Denmark, Sweden, and Chile are the top countries in terms of performance and commitment to climate action, according to a report unveiled at the United Nations COP27 climate conference in Egypt. Meanwhile, Saudi Arabia, Iran, and Kazakhstan rank at the bottom of the climate list because of their continuous investment in fossil fuel energy. But no matter how you look at it, no one country is doing enough.
The Climate Change Performance Index, published by the NGOs Germanwatch, New Climate Institute and Climate Action Network, takes stock of the state of global climate action. The report looks at climate measures taken by 59 countries plus the European Union (EU), all accountable for over 90% of the world’s greenhouse gas emissions.
Countries were assessed in four categories (Emissions, Renewable Energy, Energy Use, and Climate Policy) and ranged from very low to very high. Overall, no one was strong enough in all categories to achieve an overall very high rating. That’s why the three top places were left empty. Denmark was in the fourth position, as it was last year, meaning it’s doing more than everyone else, but still not enough.
“These are the countries responsible for the problems the world is facing,” Jan Burck, senior advisor at Germany Watch, said in a press conference. “Even the leading countries who did well in the ranking aren’t doing enough. Denmark, for example, ranked first but is questioned by experts for its lack of energy efficiency measures.”
Only three G20 countries are among the high performers in the report: India (8th), the UK (11th), and Germany (16th). Twelve G20 countries got a low or very low rating. This is especially concerning as the G20 members emit over 75% of the world’s emissions. Russia, Saudi Arabia, and South Korea were the worst G20 countries.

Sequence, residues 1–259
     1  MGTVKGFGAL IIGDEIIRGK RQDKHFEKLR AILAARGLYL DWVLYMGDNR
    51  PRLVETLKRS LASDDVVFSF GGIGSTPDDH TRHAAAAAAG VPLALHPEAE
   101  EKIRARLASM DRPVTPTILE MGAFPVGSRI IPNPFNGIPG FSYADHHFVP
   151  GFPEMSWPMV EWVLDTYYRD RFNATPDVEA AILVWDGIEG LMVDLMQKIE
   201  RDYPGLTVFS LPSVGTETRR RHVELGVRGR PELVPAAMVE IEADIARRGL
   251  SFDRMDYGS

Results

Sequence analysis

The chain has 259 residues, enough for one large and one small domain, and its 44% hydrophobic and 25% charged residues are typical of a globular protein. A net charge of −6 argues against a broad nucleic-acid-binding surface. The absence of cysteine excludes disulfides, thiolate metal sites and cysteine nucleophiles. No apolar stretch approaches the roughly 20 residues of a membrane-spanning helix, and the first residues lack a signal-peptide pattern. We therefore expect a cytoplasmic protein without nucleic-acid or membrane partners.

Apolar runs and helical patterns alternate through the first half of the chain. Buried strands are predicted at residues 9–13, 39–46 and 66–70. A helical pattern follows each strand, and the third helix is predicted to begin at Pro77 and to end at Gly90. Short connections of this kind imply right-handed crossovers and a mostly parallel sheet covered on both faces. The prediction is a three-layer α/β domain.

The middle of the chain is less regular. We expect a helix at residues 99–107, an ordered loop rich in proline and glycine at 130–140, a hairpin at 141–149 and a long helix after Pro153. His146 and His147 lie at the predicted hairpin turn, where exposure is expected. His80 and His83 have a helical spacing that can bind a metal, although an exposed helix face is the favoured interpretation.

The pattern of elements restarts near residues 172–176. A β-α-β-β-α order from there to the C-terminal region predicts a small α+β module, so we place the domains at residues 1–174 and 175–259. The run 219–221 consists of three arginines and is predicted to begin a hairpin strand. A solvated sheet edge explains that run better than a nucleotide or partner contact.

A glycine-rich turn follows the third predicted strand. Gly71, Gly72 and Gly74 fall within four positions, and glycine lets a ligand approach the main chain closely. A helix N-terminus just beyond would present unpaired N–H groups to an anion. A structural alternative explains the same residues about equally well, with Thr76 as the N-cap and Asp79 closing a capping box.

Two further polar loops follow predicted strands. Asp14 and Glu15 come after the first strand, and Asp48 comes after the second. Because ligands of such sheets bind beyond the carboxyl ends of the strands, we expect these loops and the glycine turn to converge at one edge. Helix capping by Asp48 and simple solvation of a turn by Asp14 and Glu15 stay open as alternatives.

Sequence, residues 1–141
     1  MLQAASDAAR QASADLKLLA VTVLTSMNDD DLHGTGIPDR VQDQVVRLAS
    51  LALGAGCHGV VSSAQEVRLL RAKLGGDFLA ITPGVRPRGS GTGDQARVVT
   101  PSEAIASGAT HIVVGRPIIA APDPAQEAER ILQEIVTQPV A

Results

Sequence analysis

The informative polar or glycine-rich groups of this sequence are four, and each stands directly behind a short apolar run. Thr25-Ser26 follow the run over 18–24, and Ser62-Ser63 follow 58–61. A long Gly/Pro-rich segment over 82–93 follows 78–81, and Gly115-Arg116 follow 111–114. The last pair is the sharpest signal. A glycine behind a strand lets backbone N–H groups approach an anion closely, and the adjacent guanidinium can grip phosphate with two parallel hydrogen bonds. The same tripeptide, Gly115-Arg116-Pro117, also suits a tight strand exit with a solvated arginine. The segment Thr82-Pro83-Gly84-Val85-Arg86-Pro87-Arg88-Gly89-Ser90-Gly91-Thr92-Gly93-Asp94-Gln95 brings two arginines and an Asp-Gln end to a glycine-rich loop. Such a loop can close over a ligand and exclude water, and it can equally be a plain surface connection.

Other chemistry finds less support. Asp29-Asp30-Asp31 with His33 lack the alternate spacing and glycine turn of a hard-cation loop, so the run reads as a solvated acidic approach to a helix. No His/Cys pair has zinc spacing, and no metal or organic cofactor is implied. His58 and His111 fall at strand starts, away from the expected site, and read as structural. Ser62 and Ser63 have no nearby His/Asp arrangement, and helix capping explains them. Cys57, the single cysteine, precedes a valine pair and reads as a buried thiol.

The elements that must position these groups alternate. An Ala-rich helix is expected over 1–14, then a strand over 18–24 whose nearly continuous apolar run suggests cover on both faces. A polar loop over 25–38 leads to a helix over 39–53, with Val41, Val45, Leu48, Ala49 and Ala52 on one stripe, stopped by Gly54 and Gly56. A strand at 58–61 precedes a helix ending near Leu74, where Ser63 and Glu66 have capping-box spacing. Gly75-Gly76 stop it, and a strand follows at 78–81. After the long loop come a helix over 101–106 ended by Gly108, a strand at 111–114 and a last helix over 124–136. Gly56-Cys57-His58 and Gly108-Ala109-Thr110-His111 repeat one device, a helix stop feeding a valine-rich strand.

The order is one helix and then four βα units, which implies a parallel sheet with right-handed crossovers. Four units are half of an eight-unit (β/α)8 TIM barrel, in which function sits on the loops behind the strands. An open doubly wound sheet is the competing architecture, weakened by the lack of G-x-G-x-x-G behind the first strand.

The US rose three positions (52nd) thanks to its recently approved climate package but it’s still among the worst-performing countries. The US emits the most greenhouse gas emissions after China, which suffered the biggest blow in the ranking – falling 13 places to 51. This is mainly because of rising emissions from new coal-fired energy plants.
The EU rose three spots from the previous year to the 19th, and just barely misses the high classification. Nine EU countries are among the high and medium performers, with Denmark (4th) and Sweden (5th) leading the overall ranking. Spain improved its performance, raising 11 spots to 23rd, while France dropped 11 ranks to the 28th spot.
“We have no time to lose. Countries have to change their policies and that’s not an easy thing to do. Having a nice plan might be a good thing but not enough at all. We need real emissions reduction”, Niklas Hohne from the New Climate Institute said at COP27. “Renewable energies are more cost-effective than any new conventional power plant.”
Betting on fossil fuels
Russia’s invasion of Ukraine shows that most countries are still heavily dependent on fossil fuels, the report’s authors said. As many countries sanctioned Russia and reduced their import of Russian natural gas, demand for natural gas from outside of Russia has surged which is obviously bad news for the climate.
There is a persistent and critical need to use all available opportunities and to halt all support for fossil fuels, the authors add. However, the opposite is happening because of the war, with fossil fuel infrastructure now expanding globally and insufficient investments in renewable technologies.
Fossil fuels account for over 75% of all emissions, which means limiting fossil fuel extraction and production is a vital part of the solution to the climate crisis, they said. No new permits for fossil fuel extraction should be handed out, and no new fossil fuel infrastructure switched on. Countries must stop investing in fossil fuels and instead invest in renewables.
Since 2000, emissions grew globally by over 40%, they found. After a drop in 2020 due to the pandemic, 2021 saw a rebound. Emissions per capita show a relatively even development in the last 20 years due to population growth, while emissions per GDP are falling due to a relative decoupling of energy supply from GDP, according to the report.
“Good climate policy is paramount. A lot has to be done and we have little time until 2030. Any delay or defiance to take ambitious actions has big repercussions,” Janet Milongo from CAN said in a press conference. “A shift to renewables will create opportunities for everyone, as clean energy goes along with meeting the SDGs.”
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